FIG. 1 is a schematic depiction of a personal identification related document in combination with a personal identification related document reader system.
FIG. 2 is a block diagram showing the basic process steps for producing a personal identification related document such as a transaction card.
FIG. 3 is a schematic diagram of the reading device of the present invention in combination with a personal identification related document of the present invention.
FIG. 4 is a flow chart showing a preferred method of practicing the present invention.
Turning first to FIG. 1, there is shown a personal identification related document 10, depicted by way of example as a transaction card. Transaction card 10 is a generally planar sheet 12 of a material which can be printed upon. Transaction card 10 includes a printable region 14 and an area which contains machine readable data 16. The machine readable data area 16 can be present in several well-known formats, including but not limited to magnetic stripes, integrated circuits, smart-cards, bar codes (both one- and two-dimensional) and data glyphs. The data capacity of these machine readable data areas 16 are relatively small. In the case of a magnetic stripe the data capacity can be on the order of 500 bits. The printable region 14 suitable for printing can be PVC, paper or any other printable material which can be formed to present a planar surface. It is required that the material selected for printable region 14 be able to be printed in such a manner that individual dots or pixels be printed.
Transaction card 10 interfaces with the transaction card reader system 20 of the present invention shown in block diagram form in FIG. 1. The transaction card reader system 20 determines whether the transaction card 10 is legitimate. The transaction card 10 is presented to system 20 in such a manner that both the machine readable area 16 of the transaction card 10 and the printed region 14 are available for inspection by the system 20. The machine readable area 16 of the card is read by a reading device 22 which includes the appropriate reader 23 for the storage means selected, e.g., a magnetic stripe reader in the case of magnetic stripes. Reading device 22 also includes an image scanner 24 to translate the image printed on the printable region 14 into a digital image. The data from the reader 23 and the image scanner 24 are sent to a processor 26. The processor 26 performs a secure hash algorithm on the data captured from the machine readable portion of the transaction card 10. The processor 26 also operates upon the image data acquired from the digitized image on the printable region 14 and extracts the embedded data within the image. The two data streams are passed to a comparator 28 to determine if the two data strings are identical or correspond; that is, to determine if they reach a predetermined level of agreement. If the comparator 28 matches the two data strings, then it alerts the user by turning the indicator light 30 to the “on” state, and if the two strings do not pass the comparator test the decline indicator light 31 is turned to the “on” state.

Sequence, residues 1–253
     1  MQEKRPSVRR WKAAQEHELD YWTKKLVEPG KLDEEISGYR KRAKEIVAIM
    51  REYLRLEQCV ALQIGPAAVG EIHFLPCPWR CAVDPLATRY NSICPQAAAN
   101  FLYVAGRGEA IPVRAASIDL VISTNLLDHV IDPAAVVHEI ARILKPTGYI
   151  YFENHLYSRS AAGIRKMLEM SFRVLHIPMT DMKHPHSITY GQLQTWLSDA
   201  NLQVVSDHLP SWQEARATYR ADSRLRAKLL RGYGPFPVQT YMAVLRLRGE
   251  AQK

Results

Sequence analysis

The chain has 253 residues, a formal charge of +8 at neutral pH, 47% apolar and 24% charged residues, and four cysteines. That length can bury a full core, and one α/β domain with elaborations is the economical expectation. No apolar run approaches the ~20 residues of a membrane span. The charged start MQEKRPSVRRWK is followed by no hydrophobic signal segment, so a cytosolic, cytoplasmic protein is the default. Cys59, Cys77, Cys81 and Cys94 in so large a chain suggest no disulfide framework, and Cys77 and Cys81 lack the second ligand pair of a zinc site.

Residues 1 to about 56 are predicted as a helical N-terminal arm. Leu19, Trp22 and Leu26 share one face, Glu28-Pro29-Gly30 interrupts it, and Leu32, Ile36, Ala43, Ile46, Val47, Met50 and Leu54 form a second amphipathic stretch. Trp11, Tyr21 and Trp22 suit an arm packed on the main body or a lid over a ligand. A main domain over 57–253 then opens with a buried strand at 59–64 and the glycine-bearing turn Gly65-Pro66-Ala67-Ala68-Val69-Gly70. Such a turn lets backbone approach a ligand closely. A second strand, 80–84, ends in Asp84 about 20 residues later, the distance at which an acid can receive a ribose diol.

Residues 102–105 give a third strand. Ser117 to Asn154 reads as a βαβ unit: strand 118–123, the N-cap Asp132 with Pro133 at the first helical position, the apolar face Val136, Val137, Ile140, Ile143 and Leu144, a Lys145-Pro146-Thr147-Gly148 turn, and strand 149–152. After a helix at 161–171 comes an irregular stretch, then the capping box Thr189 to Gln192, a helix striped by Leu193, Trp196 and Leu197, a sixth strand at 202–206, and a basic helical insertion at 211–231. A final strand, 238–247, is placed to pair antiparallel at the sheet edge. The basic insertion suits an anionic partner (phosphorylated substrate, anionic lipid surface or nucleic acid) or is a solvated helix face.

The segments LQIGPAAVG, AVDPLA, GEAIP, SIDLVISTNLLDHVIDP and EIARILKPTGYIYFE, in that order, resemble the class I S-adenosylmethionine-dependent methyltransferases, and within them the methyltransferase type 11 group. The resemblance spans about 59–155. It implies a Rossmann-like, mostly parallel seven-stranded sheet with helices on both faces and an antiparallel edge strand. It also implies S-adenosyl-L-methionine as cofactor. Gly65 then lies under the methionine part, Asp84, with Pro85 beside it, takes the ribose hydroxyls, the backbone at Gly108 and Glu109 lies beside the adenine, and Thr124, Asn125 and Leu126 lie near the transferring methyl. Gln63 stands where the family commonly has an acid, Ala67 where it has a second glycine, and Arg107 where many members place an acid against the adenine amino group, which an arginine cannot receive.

Referring now to FIG. 2, there is shown a block diagram showing the basic process steps for generating a personal identification related document such as a transaction card 10. In order for the approach described above to operate, one requirement is that a transaction card 10 be produced which has particular features. Such a transaction card 10 contains information 32 important to the card-holder, such as account number, name, etc. The card 10 also must contain printed material, such as a digital image 34 (for example, an image of the card holder), and the image 34 must have embedded data which can be later recovered. The card-holder information 32 is input to a processor 36 where it is applied to a hashing algorithm, such as the Secure Hash Algorithm, and an output bit stream results. The image 34 to be printed is then input to the processor 36 and is modified by a data embedding algorithm in order to store the output from the SHA. The modified image as well as the output from the SHA are then transferred to a transaction card printer 38 where the modified image is printed on the printable region 14 and the card-holder information is written into the machine readable area 16 of the transaction card 10.